This exploration into health literacy reveals how nutrition education, led by professionals and students, shapes a healthier narrative in Australia. It aims for improved public health outcomes and a resilient healthcare system in the region. We spoke with Louise Rubic, Senior Learning Facilitator (Health) and Clinical Nutrition lead, on the importance of nutrition education.
What is health literacy?
Health literacy refers to the ability to obtain, understand, evaluate and use health information and services to make informed health decisions. It can include how well an individual can comprehend and act upon medical and health-related information such as understanding their doctor’s instructions, interpreting the nutrition information panel on packaged food or navigating the health system to access appropriate services.
There is not one instruction manual that addresses the health needs of all Australians. However, having health literacy can make finding and understanding information easier for specific health needs.
Why is health literacy important?
Health literacy is important for several reasons:
- It is a critical determinant of health for individuals and their community and is linked to improved health outcomes. For example, with higher health literacy individuals are better equipped to understand their health condition and treatments available. This understanding can lead to better management of chronic diseases and more effective use of treatments.
- Health literacy enables improved communication with health professionals where meaningful questions can be asked and health advice is more easily understood.
- Health literacy helps to empower individuals to take control of their health and wellbeing by providing the confidence and knowledge to make informed health decisions.
How does health literacy affect the community and the medical system?
With better health literacy, individuals are more likely to engage in preventative health measures such as regular screening. This proactive approach can help prevent or manage potential health issues which ultimately reduces healthcare costs for the individual, their community and the health system.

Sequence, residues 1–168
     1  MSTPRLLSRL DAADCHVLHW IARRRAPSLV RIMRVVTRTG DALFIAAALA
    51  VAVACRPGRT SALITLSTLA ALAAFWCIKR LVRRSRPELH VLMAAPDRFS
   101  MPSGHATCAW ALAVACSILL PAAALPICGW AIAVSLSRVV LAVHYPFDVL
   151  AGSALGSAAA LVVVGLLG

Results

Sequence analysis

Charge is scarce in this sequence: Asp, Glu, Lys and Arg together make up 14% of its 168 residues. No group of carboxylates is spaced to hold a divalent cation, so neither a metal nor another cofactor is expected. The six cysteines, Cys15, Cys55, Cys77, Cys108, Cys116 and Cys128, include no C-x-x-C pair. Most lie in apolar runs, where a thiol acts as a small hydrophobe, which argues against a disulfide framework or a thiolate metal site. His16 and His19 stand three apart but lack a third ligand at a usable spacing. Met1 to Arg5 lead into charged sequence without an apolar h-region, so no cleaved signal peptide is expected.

Better health literacy across the community supports effective health promotion which means that public health information is more easily understood — guidelines adhered to — such as how to prevent the spread of certain diseases and how many fruits and vegetables to eat in a day.
What are some common health literacy issues seen in the community in Australia?
It is estimated that up to 60% of Australian adults have lower than adequate health literacy and struggle to make sense of health-related educational information. Low health literacy can have serious consequence leading to poorer health outcomes.
Chronic diseases such as respiratory conditions and diabetes, require certain levels of health literacy to manage the condition and understand how to deal with exacerbations if they arise. However, health literacy does not just depend on an individual’s capacity.
Health literacy also requires that the information from healthcare systems and healthcare practitioners is easily available and understood. This is why the Australian Government has prioritised health literacy in their National Preventative Health Strategy. This is in recognition that higher levels of health literacy contribute to better quality care and more positive health outcomes.